By now, our readers have probably seen pictures of the winners of the gold medal and the silver medal for new church architecture, awarded by the Pontifical Academies. Pope Francis has urged a recovery of symbolic language, but the winners are notable for their speaking in no language: there are, if I may judge by the pictures I have seen, no symbols at all except for the crucifix; and in the gold medal winner, a small chapel in the Tuscan town of Pontedera, the crucifix presents the body of Christ as tiny by comparison with the tree, as if a boy with a taste for cruelty had nailed a salamander to the trunk of an oak.
But perhaps I should revise what I have said. The winners speak in a thing I shall call The Language of No: the essential anti-language of modernist art. I am not condemning that art tout court. No one better portrayed the wreckage of the modern West, and with an aching sense of loss and a hope against hope for restoration and recovery, than did T.S. Eliot in The Waste Land.
I admire, with unease, the half-agnostic and half-eternally seeking poetry of Wallace Stevens. Some modernist architecture is eloquent in its simplicity, such as the Gateway Arch, in St. Louis. The crisp piano progressions in Gershwin’s Rhapsody in Blue, mingled with strains of jazz and the bustling energy of American folk song, are like nothing written before—it is a work of genius and might.
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And yet, modernism, as a project, to judge it as a whole and in its animating philosophy, is an enemy to man and to human culture. Pope Francis has said, inexplicably, that sacred architecture must be free of cultural influences and human subjectivity; it is the same Francis who has said that the Church must be acculturated for the various peoples she wishes to evangelize. These two statements contradict one another.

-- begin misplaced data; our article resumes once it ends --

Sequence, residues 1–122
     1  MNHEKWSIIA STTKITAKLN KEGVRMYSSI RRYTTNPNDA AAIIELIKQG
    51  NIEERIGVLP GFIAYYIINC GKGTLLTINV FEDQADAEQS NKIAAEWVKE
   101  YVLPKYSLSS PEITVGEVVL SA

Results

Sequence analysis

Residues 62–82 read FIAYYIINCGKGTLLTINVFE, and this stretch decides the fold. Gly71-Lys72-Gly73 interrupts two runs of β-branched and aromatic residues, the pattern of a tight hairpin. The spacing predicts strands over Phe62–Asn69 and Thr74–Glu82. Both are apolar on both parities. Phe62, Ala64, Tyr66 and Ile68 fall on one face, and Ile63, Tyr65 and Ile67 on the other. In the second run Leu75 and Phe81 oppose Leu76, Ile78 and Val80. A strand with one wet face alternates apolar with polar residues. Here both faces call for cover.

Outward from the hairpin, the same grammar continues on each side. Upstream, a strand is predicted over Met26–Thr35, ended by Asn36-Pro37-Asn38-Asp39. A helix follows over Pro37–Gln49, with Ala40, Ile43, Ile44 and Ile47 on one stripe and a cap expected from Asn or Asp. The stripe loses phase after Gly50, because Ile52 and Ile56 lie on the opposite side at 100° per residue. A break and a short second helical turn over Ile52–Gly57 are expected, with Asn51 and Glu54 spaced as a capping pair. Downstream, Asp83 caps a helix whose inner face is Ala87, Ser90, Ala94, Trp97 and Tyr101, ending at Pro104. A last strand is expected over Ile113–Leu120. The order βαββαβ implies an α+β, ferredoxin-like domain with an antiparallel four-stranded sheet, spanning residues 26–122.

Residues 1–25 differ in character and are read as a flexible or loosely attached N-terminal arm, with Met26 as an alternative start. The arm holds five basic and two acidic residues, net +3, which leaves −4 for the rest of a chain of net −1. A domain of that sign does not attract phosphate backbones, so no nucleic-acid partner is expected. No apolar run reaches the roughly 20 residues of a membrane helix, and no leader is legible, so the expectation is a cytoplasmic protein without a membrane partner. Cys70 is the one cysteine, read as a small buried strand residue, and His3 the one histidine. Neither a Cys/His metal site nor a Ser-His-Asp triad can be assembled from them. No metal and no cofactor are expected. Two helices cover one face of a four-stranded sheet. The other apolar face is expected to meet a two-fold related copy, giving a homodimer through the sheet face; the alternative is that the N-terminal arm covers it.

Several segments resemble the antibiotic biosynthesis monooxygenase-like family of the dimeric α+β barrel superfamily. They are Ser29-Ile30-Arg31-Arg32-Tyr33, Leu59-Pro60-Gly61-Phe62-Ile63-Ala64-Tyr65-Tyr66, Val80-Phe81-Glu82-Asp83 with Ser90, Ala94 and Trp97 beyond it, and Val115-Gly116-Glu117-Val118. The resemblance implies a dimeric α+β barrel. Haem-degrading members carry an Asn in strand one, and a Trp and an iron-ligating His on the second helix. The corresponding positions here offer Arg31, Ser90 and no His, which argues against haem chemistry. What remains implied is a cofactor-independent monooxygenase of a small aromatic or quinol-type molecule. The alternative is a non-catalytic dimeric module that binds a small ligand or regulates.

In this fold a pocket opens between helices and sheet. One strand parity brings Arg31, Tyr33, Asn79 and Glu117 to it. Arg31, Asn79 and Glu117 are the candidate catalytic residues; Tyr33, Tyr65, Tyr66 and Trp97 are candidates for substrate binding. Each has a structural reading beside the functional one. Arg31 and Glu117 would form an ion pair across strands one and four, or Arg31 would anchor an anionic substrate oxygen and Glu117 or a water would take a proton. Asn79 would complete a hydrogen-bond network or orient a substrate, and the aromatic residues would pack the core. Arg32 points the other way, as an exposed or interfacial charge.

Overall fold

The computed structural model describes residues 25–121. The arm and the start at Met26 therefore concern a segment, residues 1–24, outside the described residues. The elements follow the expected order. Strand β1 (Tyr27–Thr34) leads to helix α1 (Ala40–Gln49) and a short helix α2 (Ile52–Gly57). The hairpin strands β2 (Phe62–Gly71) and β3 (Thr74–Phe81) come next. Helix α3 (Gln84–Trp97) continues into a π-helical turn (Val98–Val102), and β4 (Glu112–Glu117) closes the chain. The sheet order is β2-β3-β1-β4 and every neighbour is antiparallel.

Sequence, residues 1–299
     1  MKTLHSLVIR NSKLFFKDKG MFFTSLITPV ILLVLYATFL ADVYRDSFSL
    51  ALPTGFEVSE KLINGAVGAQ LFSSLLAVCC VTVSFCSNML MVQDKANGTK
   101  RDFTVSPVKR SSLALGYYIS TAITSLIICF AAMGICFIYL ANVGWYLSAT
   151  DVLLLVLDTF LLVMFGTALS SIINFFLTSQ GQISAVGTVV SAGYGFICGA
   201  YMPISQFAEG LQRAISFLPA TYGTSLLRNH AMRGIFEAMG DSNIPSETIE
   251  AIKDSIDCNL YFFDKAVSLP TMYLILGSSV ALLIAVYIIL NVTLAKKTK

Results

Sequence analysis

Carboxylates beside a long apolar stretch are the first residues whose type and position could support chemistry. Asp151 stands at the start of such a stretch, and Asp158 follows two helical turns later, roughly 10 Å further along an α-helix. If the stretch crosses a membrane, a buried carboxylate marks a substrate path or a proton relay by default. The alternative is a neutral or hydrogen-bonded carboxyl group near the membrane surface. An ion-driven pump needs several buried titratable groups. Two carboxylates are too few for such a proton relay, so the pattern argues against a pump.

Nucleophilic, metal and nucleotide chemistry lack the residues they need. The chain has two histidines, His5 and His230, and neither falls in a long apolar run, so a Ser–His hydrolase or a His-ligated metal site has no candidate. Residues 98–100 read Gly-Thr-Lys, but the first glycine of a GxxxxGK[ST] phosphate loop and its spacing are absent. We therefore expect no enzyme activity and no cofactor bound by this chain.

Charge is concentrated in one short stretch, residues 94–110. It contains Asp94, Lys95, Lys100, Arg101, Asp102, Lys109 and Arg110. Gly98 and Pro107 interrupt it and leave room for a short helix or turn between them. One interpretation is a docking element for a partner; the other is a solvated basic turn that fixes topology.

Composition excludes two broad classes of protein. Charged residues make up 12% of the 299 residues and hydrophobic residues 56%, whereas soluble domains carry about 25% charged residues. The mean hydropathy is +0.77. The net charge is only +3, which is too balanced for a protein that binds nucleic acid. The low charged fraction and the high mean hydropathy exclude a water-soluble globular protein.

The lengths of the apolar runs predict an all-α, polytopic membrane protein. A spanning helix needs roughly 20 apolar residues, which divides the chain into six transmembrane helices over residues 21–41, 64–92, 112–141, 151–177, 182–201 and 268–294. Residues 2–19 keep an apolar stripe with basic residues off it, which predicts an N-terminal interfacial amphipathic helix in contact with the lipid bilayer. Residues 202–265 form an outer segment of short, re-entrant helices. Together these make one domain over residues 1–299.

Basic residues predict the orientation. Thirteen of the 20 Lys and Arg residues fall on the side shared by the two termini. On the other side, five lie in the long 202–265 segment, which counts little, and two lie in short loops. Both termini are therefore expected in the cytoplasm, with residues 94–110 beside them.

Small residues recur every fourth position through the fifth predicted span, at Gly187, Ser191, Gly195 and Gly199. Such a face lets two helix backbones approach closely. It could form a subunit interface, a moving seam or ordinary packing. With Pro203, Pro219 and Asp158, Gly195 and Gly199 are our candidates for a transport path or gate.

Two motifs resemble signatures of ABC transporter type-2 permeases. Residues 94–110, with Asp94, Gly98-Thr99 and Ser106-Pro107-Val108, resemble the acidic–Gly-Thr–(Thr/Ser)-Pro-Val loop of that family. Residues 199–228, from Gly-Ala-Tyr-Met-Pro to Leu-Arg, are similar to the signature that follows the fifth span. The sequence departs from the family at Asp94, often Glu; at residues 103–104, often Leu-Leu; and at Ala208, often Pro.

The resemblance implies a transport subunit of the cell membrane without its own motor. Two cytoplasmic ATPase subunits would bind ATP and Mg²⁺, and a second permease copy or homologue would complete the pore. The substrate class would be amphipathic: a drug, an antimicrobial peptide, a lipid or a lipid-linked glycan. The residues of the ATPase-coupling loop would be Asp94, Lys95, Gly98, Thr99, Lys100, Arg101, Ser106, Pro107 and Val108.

But the problem is more severe than the failure of the particular projects to account for the culture of Italy or of the Catholic Church. For modernism, with ways of life it encourages or demands, has gone far to scrub away genuine human culture from the earth. It is not, then, that the winners fail to be Italian or Catholic. It is that they succeed in being anti-Italian and anti-Catholic, not merely avoiding every opportunity to speak the language of the people and of the Church but speaking, shouting, the Language of No, which says that there shall be no symbols, no language, no shared history, no human devotion to what transcends place and time but what is embodied in both place and time: no culture.
If you look at the government buildings in Brasilia, the modernist capital appropriately set in what had been the middle of nowhere, and if you look at the Catholic cathedral there, the thing that looks as if a mad scientist had irradiated a sea anemone and the creature had grown gigantic and was about to crawl on its tentacles to devour Rio de Janeiro, you are not simply looking at what does not say “Brazil” or “Rome.”
The problem is not that the modernist architecture does not belong where it is but that it does “belong” there and anywhere, indifferent alike to Brazil as to Belgium, to south as to north, to the Spanish and the Indian as to the English and the Irish, or rather hostile to them, erasing the memory, electrocuting the common languages. Its stones reverberate the Language of No.